The NBA in-season tournament kicked off last night – and will provide us slightly different vibes for the rest of November.
The tournament is an attempt to jazz up the beginning of the regular season with new courts and an extra trophy. NBA fans have already accused the league of thrusting unnecessary meaning onto the tournament games – which also count as regular season games – by marketing them as part of a separate championship.
But the tournament isn’t just lipstick on a few regular-season pigs. (It is, however, an excuse to slather green lipstick all over the parquet pig that is the Celtics’ new alternate court.)
It’s also a real tournament, with real stakes – and a trophy! – that the Celtics are poised to walk through and win. Here’s a no-nonsense review of the tourney before the Celtics get involved.
The tournament starts out with a group stage. Each team plays four games throughout the month of November, vying for a chance to advance. Those games are built into the regular-season schedule and count toward every team’s overall record. Not every November game is for the tournament; every game played on Tuesdays and Fridays, without exception, is a tournament game in the month of November.
For the Celtics, the tournament begins on Friday against the Brooklyn Nets. After that, Boston will play the Toronto Raptors on the 17th, the Chicago Bulls on the 24th, and the Orlando Magic on the 28th.
Groups were randomized by last year’s regular-season standings. Those four teams (Nets, Raptors, Bulls, Magic) plus the Celtics make up group C – all in all, a good draw for Boston. Of their four opponent,s only the Nets made the playoffs last year – and they lost in the first round after trading Kyrie Irving and Kevin Durant during the season.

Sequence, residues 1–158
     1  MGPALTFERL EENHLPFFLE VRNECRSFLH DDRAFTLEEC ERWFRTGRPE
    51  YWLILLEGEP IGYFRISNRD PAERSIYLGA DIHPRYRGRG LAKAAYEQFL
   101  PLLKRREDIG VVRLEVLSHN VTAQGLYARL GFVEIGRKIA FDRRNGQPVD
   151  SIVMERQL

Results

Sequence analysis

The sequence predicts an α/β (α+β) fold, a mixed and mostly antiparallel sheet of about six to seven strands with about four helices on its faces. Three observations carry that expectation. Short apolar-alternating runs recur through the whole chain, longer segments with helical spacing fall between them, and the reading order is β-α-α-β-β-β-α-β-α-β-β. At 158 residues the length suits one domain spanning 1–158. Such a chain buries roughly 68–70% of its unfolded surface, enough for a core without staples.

By comparison, the Milwaukee Bucks have to face the New York Knicks and the Miami Heat, both playoff teams last year. The Philadelphia 76ers will play against the Cleveland Cavaliers, who had the best defense in the league last year, and the Indiana Pacers – who could surprise a lot of teams this year, and in this tournament, with their speed and intensity.
Anything can happen in a series of four regular-season games, but the gap between Boston and the rest of the teams in group C is larger than that of any other team in the league. The Celtics should move on.
If the Celtics advance, either by winning their tournament group or securing a wild-card spot (there is one for each conference, based on best second-place record in the East and West), they will move on to single-elimination games.
Quarterfinals will be played Dec. 4-5. The semifinals and finals will be held in Las Vegas Dec. 7-9.
The knockout rounds are pretty simple: Eight teams advance (four per conference). The team with the best record in the conference will play the wildcard team, and the two teams in the middle play each other. The winners go to Vegas, where they will play in the semis.
The quarter- and semifinals all count toward the regular-season record. That’s why the schedule in December hasn’t been ironed out yet – the league needs flexibility for the tournament.
The tournament championship is the only game that does not count toward the regular-season record. The finalists will play for a trophy that looks like a fancy, empty ice cream cone. You’ll see plenty of that trophy, too: It’s plastered in the middle and in the paint of every in-season alternate court.
The league also will name an In-Season Tournament MVP and an All-Tournament Team.
The Celtics are easily the best team in the league through four games. They are the only undefeated team, and their net rating (+20.1) is 8 points better than any other team’s. Who knows how long that will hold up – things change quickly in this league – but it’s looking like Boston should be the favorite going into the tournament.
It’s a great opportunity to get excited about the new-look Celtics, who might get their first piece of hardware in just over a month.
And if you don’t like it, just pretend it’s regular-season basketball – even if those terrible court designs will make it tougher – because, with one notable exception, it is.